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Aphrodite, by Pierre Louys, [1932], at

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Chapter Six


IT was a procession white and blue, yellow and rose and green.

Thirty courtesans advanced carrying baskets of flowers, snow-white doves with red feet, veils of the most fragile azure, and precious ornaments.

An old white-bearded priest, enveloped even around the head in a stiff unbleached material, walked before the young cortege and guided the file of bowed devotees toward the stone altar.

They sang, and their song was slow as the sea, sighing like the wind of mid-day, fitful as the breath of an amorous mouth. The first two bore harps which, sustained in the hollow of their left hands, curved forward like sickles of slender wood.

One of them advanced and said: "Tryphera, O beloved Kypris, offers thee this blue veil, woven by herself, that thou mayest continue thy favor toward her."

Another: "Mousarion lays at thy feet, O Goddess of the Fair Crown, these wreaths of gilliflower and this bouquet of bowing narcissi. She has worn them and has invoked thy name in the intoxication of their perfume. O Victorious receive these spoils of love."

Still another: "As an offering to thee, Golden Cytheræa, Timo

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consecrates this spiral bracelet. Mayest thou entwine vengeance around the throat of her thou knowest, as this silver serpent twined about her naked arm."

Myrtocleia and Rhodis came forward, holding each other by the hand. "Here are two doves from Smyrna with wings white as caresses, with feet red as kisses. O Double Goddess of Amathea, accept them from our joined hands if it be true that the gentle Adonis alone sufficeth thee not and that an embrace still gentler delays, at times, thy slumber."

A very young courtesan followed. "Aphrodite, Peribasia, receive me with this, my tunic. I am Pannychis of Pharos; since last night I have dedicated myself to thee."

Another: "Dorothæa conjures thee, O charitable Epistrophia, to take from her spirit the desire cast there by Eros or at length to inflame for her the eyes of him who refuseth himself. She offers thee this branch of myrtle because it is the tree which thou prefer-rest."

Another: "Upon thine altar, O Paphia, Callistion lays sixty drachmæ of silver, the remainder of four minæ which she received from Cleomenes. Give her a lover more generous still, if the offering seem good to thee."


There remained before the idol only a blushing child who had placed herself last. She held in her hand only a little wreath of crocus and the priest scorned her for an offering so slight.

She said: "I am not rich enough to give thee silver pieces, O Brilliant Olympian. Moreover, what could I give thee which thou dost not already possess? Here are yellow and green flowers, woven in a wreath for thy feet. And now . . ."

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She threw open her tunic in a gesture of surrender to the deity. ". . . behold me wholly thine, Beloved Goddess. I wish to enter thy gardens to die a priestess of the temple. I swear to desire only you, I swear to love only you, and I renounce the world and sink myself in thee."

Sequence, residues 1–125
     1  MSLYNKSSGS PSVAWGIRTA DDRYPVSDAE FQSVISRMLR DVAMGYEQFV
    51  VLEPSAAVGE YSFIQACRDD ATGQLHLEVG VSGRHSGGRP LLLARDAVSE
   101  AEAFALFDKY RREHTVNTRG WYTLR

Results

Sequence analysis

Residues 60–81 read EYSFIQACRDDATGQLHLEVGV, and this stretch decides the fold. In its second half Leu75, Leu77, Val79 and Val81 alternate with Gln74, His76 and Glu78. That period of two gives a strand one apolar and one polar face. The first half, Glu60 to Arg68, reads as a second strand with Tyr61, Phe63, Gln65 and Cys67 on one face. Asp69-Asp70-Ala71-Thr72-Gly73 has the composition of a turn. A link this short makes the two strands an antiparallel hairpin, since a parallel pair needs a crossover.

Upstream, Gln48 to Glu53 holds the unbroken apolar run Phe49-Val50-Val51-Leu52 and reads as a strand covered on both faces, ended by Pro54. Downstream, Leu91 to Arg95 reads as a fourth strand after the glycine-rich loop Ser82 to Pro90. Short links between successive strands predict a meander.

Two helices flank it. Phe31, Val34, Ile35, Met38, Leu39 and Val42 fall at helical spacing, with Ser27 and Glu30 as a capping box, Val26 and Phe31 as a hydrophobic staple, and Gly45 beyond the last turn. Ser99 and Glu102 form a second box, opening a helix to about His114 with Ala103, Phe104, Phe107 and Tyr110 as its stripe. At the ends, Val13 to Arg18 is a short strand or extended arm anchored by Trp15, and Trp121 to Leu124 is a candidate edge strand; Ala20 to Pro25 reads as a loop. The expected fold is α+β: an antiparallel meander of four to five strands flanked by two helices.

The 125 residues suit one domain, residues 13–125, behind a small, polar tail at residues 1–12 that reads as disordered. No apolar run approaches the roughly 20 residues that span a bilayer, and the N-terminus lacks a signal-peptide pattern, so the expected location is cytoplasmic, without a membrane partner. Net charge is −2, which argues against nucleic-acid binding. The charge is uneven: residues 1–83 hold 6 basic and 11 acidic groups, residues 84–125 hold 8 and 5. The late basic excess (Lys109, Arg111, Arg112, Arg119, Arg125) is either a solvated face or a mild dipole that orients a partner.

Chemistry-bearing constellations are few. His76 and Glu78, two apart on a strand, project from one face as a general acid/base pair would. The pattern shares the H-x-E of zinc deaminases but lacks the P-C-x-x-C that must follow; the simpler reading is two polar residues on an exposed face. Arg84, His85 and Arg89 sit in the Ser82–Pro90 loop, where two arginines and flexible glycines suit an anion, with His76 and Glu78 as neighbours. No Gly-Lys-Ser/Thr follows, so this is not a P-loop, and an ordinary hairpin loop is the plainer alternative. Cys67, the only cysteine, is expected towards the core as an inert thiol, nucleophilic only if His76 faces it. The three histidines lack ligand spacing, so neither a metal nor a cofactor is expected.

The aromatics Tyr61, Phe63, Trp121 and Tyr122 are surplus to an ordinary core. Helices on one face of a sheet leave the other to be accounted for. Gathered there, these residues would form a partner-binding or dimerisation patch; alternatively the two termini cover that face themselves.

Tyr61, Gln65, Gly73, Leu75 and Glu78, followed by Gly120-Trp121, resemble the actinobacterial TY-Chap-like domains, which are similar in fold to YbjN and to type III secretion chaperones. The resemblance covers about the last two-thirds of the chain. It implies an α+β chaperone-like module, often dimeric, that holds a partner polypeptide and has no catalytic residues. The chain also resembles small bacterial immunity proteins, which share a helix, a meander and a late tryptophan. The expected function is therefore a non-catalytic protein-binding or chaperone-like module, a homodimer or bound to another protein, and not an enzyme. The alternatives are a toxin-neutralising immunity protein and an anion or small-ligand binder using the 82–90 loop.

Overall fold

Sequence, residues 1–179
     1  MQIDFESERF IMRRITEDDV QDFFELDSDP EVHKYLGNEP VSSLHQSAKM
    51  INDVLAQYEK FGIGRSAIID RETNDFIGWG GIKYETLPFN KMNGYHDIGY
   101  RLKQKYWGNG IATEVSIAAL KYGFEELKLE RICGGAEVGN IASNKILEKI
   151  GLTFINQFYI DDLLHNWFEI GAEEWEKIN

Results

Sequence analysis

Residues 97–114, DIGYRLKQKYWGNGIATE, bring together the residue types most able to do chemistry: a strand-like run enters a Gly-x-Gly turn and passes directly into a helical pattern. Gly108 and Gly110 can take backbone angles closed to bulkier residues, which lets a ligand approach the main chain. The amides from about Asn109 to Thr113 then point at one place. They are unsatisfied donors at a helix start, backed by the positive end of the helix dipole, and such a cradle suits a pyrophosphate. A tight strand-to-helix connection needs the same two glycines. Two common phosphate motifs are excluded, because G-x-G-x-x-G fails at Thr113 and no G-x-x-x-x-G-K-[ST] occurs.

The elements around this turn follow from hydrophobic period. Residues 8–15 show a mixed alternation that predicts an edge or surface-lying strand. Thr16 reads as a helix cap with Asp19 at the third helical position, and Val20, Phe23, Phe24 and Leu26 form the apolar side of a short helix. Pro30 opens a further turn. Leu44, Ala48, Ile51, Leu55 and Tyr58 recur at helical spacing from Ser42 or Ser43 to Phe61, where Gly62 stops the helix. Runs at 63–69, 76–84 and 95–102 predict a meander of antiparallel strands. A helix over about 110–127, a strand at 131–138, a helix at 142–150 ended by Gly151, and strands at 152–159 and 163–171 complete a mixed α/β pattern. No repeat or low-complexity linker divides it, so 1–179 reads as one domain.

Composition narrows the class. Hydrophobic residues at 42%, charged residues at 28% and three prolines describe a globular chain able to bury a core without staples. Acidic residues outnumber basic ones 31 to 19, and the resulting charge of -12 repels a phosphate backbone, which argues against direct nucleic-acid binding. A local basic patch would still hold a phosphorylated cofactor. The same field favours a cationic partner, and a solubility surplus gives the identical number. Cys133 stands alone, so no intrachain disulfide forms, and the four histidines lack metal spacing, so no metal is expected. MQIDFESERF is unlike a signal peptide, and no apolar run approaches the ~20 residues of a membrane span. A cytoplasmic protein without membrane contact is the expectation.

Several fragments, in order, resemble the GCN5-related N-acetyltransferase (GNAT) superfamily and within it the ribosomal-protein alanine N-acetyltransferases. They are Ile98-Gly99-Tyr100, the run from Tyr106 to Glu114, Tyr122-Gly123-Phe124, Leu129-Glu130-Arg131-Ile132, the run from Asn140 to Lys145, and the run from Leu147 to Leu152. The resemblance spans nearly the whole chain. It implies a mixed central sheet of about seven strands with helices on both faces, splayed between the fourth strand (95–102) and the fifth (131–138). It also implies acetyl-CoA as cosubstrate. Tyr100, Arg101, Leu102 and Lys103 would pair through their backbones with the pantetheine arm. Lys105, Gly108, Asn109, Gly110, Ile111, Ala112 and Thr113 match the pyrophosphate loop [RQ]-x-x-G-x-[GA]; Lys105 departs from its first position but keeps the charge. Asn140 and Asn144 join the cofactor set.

The priest then covered her with perfumes and enveloped her with the veil woven by Tryphera. They left the nave together, through a door leading to the gardens.

The procession seemed finished and the other courtesans were about to withdraw when a last woman, late coming, appeared on the threshold.

This one had nothing in her hand and it seemed that she also had come to offer only her beauty. Her hair seemed like two floods of gold, two deep, shadow-laden waves which swallowed up the ears and wound seven-fold upon the nape of her neck. The nose was delicate, with thin nostrils which sometimes pulsed above the full and tinted mouth with rounded mobile corners. The pliant line of the body undulated with each step, animated by the swaying of the hips, and the rounded waist curved.

Her eyes were extraordinary, blue, but deep and brilliant at the same time, changing as moonstones, half closed under the drowsy lids. They looked, those eyes, as the sirens sing . . .

The priest turned toward her, awaiting her speech.

She said, "Chrysis, O Chryseia, supplicates thee. Receive the slight gifts she lays at thy feet. Listen, hear, love and relieve her who lives after thine example and for the glory of thy name."

She stretched forth hands golden with rings and bowed, her legs together.

The vague song recommenced. The murmur of the harps

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mounted toward the statue with the rapid smoke of the incense which the priest burned in a simmering basin.

She straightened slowly and presented a bronze mirror which had been fastened at her girdle. "To thee," she said, "Astarte of the Night who minglest hands and lips and whose symbol is like the print of does’ feet upon the pale earth of Syria, Chrysis consecrates her mirror. It has seen features and faces molded and transmuted by thy works, O thou eager-handed mighty one who movest lips to seek flesh."